Osteoarthritis is the most common form of arthritis with over 75 percent of the over 55’s showing some sign of this disease. Most people with O/A show no significant symptoms or pain! For others the pain and joint stiffness can be agony. It can affect one or many joints.
Where can you get Osteoarthritis?
Osteoarthritis is commonest in the small joints of the hands, the spine, the knees, the hips, and big toe joints. Osteoarthritis mainly affects the joint cartilage – the shiny smooth bit over the ends of the bones which acts like a shock absorber.
In osteoarthritis the cartilage becomes worn away, causing the bones to rub against each other roughly. Bony outgrowths or spurs can form at the sides of the joints and the joints become misshapen. The outer part of the joint, the capsule, becomes thicker and less mobile and the inner lining, the synovial membrane, becomes hot and swollen.
Sometimes the other soft tissues, the ligaments and tendons, can also become damaged and swollen. Muscle shortening and stiffness can result from under use of the joint leading to more pain and stiffness.
Reasons why you have O/A
Although no-one yet knows the precise cause of O/A, there’s a number of factors which may lead to it.
1) Damage to a joint, such as a broken bone, or an infection leading to the progression of the disease.
2) Repetitive impact to a joint, such as footballers and cricketers constantly impacting on their knees
3) Overweight people. More likely to get hip and knee arthritis.
4) Age. The older you become the more likely you are to have this disease.
5) Other forms of arthritis. Such as Rheumatoid or Psoriatic arthritis which can damage the joints leading to the chain reaction of O/A.
6) Genetic. Sometimes your genes can play a part in the development in some forms of O/A.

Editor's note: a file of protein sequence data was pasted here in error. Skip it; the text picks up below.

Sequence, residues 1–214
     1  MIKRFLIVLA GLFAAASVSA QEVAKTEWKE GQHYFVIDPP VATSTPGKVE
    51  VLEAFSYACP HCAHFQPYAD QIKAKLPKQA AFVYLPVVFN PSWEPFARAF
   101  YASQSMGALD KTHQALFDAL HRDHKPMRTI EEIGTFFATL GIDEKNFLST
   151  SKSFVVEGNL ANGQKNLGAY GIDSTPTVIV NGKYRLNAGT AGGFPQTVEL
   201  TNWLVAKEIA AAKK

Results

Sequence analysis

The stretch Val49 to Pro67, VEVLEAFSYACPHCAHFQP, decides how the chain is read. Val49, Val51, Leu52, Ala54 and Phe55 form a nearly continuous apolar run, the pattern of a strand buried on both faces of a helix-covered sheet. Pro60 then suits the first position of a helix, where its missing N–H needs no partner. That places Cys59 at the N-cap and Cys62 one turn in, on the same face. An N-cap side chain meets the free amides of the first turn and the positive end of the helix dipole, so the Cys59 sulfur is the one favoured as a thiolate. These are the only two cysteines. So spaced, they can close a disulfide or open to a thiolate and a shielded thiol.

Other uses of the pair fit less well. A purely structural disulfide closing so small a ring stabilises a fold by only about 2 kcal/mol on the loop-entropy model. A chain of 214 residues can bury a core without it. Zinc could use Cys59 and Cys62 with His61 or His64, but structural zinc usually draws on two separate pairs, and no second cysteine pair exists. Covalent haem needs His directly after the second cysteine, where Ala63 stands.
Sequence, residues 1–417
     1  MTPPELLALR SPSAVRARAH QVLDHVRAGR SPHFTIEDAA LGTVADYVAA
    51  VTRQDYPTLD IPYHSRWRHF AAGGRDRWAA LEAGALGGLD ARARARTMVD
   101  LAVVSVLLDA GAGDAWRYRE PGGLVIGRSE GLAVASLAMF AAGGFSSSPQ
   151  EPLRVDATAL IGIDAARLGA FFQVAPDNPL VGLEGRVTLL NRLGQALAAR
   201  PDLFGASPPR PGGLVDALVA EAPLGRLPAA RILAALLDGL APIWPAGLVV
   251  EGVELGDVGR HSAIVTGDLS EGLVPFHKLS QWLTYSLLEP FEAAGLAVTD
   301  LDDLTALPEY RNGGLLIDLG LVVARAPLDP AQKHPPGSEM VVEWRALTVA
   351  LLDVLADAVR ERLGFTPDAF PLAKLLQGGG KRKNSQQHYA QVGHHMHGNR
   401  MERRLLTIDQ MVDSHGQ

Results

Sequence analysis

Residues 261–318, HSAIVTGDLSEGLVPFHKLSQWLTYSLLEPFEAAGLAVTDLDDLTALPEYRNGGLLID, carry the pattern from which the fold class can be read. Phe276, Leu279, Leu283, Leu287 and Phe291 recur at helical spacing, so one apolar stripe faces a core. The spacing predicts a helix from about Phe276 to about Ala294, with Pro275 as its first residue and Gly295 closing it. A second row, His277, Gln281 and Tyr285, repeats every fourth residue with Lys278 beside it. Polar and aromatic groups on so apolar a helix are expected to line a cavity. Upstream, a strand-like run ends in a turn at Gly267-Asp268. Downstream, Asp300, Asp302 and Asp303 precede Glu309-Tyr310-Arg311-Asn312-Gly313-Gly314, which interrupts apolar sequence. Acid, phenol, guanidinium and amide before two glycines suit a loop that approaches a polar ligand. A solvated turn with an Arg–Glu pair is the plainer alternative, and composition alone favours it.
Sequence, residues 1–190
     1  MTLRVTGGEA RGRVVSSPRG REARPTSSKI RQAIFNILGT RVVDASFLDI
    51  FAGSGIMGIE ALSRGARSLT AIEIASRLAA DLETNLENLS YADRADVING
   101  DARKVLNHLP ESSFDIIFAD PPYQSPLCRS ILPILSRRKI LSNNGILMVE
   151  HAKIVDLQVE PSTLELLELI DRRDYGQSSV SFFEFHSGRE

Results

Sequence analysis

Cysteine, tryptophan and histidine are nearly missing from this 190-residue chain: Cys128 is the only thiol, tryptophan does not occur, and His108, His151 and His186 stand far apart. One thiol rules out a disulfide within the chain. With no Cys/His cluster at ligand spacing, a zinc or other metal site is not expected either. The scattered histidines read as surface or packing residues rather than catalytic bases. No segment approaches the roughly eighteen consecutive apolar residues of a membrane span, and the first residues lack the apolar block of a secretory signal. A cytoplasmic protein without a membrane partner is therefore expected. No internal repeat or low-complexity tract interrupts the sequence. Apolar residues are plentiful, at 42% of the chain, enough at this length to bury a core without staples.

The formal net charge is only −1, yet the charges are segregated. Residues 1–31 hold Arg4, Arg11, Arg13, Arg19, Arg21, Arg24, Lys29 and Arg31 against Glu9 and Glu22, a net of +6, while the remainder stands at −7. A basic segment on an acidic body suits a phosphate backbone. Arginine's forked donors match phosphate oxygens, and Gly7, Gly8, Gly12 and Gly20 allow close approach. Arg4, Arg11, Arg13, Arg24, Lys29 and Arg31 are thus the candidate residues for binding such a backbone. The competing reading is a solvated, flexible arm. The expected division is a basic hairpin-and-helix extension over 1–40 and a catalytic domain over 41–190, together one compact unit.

The scientists, who focused on Japanese patients with knee or hip osteoarthritis, also found that the more severe the disease, the more likely the mutant form of asporin was to be present. To keep cartilage tissue healthy and functioning properly, the body must strike a delicate balance between breaking down cartilage that has come to the end of its useful life, and replacing it with fresh tissue. If the degradation of cartilage is outstripped by production of new tissue, then osteoarthritis can result as the unprotected ends of the bones rub together, causing inflammation. It is thought that asporin plays a role in regulating the production of new cartilage by impacting on growth factors which trigger its development.
Symptoms of O/A
You will have one or more stiff painful joints which gradually become worse, particularly when used. The stiffness is worse in the morning or after sitting for a time but eases off as gradually used. The joints can crackle when used ( "crepitation"), and can become swollen, enlarged and tender.
In the knees the joint can "lock" when bending and most people with O/A hips will have a distinctive gait or limp.
Diagnosis and treatment
Your Osteopath will take a careful case history and then examine you in great detail, noting your ranges and quality of movement. He will do minor tests for trapped nerves and in rare cases may request an MRI scan. X-rays can be helpful, as it is very important that your Osteopath rules out other types of arthritis, or if your O/A was caused by another type of problem. When a diagnosis has been reached, your Osteopath will discuss the treatment options with you. It is essential that you seek advice quickly because, apart from getting an accurate diagnosis, evidence shows that the sooner you consult your osteopath, the quicker you will be better! No-one can cure Osteoarthritis but your Osteopath may be able to help you with the pain and stiffness associated with the disease processes.
Your Osteopath will encourage you to do gentle exercises, lose weight if necessary, may prescribe orthotics for your shoes, and advise dietary changes. There seems to be sufficient clinical evidence to suggest GLUCOSAMINE SULPHATE and CHONDROITIN for those who can take it.
I have found LASER THERAPY to be very helpful in the treatment of certain arthritic conditions.